As a general rule, online voters tend to reward players with impressive stats over bigger names who may not be performing. At this point, Pujols is not only a big name -- possibly the game's biggest -- but he's also its dominant offensive force.
"I just thank the fans for their support," Pujols said Sunday. "Definitely if it wasn't for them, I wouldn't be the top leader. I always say, those are the rewards that you get for the hard work that you put in in the offseason and the way that you play the game and respect the game."
It's the second time the slugger has been the top online vote-getter. In 2003, he surged into the National League's starting lineup with a huge boost from online votes. He has never been the top overall vote-getter in All-Star balloting.
Pujols thrust his name into the baseball spotlight early this year with a torrid pace over the season's first two months, raising questions as to whether he could break the single-season home run record. An oblique muscle strain dashed those discussions, but he remains among the league leaders in several major offensive categories.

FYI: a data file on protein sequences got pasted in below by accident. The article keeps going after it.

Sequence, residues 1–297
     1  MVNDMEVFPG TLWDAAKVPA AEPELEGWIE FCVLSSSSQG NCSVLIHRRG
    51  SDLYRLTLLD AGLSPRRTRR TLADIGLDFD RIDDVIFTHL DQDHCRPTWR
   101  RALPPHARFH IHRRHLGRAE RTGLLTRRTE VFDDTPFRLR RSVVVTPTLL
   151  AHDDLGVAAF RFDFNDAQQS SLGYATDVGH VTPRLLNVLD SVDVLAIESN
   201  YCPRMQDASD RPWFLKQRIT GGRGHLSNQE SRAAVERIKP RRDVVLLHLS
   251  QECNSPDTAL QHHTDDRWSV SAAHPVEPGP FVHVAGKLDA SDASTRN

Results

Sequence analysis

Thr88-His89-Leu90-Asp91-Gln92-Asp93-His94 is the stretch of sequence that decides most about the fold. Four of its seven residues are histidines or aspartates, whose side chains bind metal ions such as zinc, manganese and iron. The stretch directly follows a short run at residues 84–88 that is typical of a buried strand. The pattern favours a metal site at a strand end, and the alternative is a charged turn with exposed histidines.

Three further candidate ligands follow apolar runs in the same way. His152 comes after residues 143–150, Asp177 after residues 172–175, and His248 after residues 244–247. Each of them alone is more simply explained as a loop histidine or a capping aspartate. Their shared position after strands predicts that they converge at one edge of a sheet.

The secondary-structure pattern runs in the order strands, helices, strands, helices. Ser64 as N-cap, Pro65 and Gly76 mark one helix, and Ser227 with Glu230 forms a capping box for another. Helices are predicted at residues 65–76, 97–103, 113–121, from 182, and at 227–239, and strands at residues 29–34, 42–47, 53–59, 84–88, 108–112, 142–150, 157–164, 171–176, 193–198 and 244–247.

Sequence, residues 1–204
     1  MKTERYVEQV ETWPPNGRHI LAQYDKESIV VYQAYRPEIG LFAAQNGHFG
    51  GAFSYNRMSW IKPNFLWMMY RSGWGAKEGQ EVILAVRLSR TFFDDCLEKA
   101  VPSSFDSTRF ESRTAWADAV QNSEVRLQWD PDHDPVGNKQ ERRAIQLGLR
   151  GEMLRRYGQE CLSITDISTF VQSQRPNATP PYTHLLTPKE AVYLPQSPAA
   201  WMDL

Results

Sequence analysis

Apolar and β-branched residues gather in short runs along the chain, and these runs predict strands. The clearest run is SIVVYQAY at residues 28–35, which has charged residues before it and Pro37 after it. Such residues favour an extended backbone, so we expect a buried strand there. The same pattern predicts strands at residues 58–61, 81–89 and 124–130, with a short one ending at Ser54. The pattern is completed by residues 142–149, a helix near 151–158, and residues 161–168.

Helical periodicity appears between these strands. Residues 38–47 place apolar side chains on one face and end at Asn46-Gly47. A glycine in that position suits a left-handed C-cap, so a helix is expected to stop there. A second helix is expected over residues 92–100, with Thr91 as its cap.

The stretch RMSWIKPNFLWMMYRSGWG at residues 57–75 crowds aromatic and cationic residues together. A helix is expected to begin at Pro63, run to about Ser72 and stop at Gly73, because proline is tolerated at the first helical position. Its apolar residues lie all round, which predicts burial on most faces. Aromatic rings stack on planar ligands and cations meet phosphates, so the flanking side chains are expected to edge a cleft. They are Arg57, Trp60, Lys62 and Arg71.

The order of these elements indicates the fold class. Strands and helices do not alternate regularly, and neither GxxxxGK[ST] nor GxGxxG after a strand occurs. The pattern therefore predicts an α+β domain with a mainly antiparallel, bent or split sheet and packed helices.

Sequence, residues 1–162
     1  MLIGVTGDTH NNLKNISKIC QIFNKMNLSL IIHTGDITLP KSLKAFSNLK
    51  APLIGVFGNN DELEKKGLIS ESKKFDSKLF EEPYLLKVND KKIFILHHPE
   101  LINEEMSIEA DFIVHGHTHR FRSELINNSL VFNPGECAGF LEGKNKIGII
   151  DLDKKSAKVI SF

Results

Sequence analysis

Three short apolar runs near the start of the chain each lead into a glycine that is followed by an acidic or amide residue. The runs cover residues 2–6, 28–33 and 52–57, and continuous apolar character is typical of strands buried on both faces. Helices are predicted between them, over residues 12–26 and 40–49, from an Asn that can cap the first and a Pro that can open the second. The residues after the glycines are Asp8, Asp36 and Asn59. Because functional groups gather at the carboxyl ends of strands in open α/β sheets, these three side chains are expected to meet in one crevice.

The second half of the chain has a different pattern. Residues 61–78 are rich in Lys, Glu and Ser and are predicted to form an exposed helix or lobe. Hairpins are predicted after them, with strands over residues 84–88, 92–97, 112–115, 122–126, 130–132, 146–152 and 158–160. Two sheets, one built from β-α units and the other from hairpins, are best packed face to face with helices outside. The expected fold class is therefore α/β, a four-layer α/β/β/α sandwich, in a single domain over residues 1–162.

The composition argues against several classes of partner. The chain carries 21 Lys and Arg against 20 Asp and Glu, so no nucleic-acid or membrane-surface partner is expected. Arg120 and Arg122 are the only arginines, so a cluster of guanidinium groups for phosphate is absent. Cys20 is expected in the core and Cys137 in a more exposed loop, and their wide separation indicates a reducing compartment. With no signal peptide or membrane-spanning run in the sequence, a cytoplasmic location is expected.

"It's unbelievable for me to watch it," said teammate Scott Spiezio recently.
Last season, Pujols was barely edged out by Derrek Lee, not only as the National League's first baseman, but as the top vote-getter in the league overall. This year, Lee spent much of the first half on the disabled list, hurting his case.
Plus, there's the fact that Pujols appears poised for his second MVP award.
Pujols greatly enjoys the All-Star experience, and he's looking forward to another trip.
"I think the best thing is being around a bunch of superstars and hopefully future Hall of Famers," he said. "I think that's the main thing. You do that for three days, and three days later you're facing each other and we're enemies again. But it's neat. Any time you can be an All-Star, you should be proud, you should be excited and at the same time you should have fun."